Maintaining these medians in a high-traffic area at the main entry into The Domain requires constant attention to the traffic, where shoppers, employees, residents and construction workers are traveling. The beds are frequently driven over, which requires the crew to remove and replace any damaged plant material, irrigation, soil and mulch.

Focal landscape beds at The Domain (Photo: Greg Yount, Native Land Design)

Photo: Greg Yount, Native Land Design

Focal bed at the center of the mall. With Starbucks, Apple and a park area here, this is the hub of The Domain, with lots of shoppers stopping to take a break and to enjoy the landscape. The crews and porter keep it looking its best by keeping the plant material separated, keeping the Sagos trimmed to allow pedestrians to see and be seen by vehicular traffic, removing weeds, hand-watering pots and blowing debris out of these areas.

Focal bed at The Domain (Photo: Greg Yount, Native Land Design)

Photo: Greg Yount, Native Land Design

The crew at Native Land Design takes care to stay out of the way of those who frequent The Domain.

Landscape bed at The Domain (Photo: Greg Yount, Native Land Design)

Photo: Greg Yount, Native Land Design

The Native Land Design team maintains the landscape beds that’re found outside of storefronts.

Corridor at The Domain (Photo: Greg Yount, Native Land Design)

Photo: Greg Yount, Native Land Design

Corridor through the mall, where there are lots of small beds that require tremendous attention due to all of the foot traffic every day. There are residential units on the second through fourth floors, so the crew members are unable to use motorized equipment prior to 7 a.m. due to the city’s noise ordinance. The retail stores open at 10 a.m., creating a small window of time for the team to perform maintenance.

Planter at The Domain (Photo: Greg Yount, Native Land Design)

Photo: Greg Yount, Native Land Design

Crosswalk at The Domain (Photo: Greg Yount, Native Land Design)

Photo: Greg Yount, Native Land Design

Crosswalk across the main corridor with some local artwork features in the landscape bed.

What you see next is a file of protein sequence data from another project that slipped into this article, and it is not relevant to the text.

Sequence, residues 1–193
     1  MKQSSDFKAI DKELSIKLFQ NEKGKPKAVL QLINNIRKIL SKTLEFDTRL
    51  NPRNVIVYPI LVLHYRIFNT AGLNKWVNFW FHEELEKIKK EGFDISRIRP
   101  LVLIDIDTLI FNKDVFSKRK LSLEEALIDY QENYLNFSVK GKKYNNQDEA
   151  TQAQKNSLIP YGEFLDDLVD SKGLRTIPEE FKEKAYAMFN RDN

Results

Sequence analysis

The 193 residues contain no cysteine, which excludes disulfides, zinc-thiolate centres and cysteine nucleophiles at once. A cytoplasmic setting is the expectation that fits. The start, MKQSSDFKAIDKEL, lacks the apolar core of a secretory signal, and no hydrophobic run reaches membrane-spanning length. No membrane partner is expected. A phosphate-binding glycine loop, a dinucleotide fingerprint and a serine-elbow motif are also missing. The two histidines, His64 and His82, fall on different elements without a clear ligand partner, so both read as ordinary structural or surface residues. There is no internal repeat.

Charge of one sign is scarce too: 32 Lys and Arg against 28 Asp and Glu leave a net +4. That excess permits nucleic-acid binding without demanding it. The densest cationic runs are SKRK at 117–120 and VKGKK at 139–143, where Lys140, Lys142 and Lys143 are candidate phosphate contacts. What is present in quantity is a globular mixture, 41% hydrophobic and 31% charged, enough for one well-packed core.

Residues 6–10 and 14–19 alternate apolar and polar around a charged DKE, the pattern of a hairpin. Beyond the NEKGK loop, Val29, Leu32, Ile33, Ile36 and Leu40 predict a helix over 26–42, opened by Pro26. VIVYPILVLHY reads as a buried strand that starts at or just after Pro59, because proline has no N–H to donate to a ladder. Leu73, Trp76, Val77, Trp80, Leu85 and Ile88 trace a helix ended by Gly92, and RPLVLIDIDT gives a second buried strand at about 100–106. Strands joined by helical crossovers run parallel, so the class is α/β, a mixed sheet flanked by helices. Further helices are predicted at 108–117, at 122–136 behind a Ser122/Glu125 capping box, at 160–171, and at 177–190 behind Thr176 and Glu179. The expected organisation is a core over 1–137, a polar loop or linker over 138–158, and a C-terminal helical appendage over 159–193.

Landscaping shot at The Domain (Photo: Greg Yount, Native Land Design)

Photo: Greg Yount, Native Land Design

Beautiful, lush landscaping provides an inviting atmosphere and a pleasant experience for patrons as they shop.

Large heritage oak trees at The Domain (Photo: Greg Yount, Native Land Design)

Photo: Greg Yount, Native Land Design

Large heritage oak trees provide shade at the Century Oaks Park at The Domain, where shoppers can relax and let the children play. Crews have to continuously pick up trash and debris here, as well as replace gravel and stones that excited little hands displace while playing numerous games here.

Large Domain sign (Photo: Greg Yount, Native Land Design)

Photo: Greg Yount, Native Land Design

Large Domain sign and lush landscaping, welcoming patrons to the lawn area, where live music is performed and where children can play.

Area for relaxation at The Domain (Photo: Greg Yount, Native Land Design)

Photo: Greg Yount, Native Land Design

The Domain offers a lot of areas for patrons to take a break from shopping and recharge, with the beautiful views throughout the property. Trash pickup and leaf removal are the main priorities here, with weed removal and tree maintenance also taking place to ensure a pleasurable experience by all shoppers.

Sarah Webb

About the Author:

Sarah Webb is Landscape Management's associate editor. She holds a bachelor’s degree from Wittenberg University, where she studied journalism and Spanish. Prior to her role at LM, Sarah was an intern for Cleveland Magazine and a writing tutor.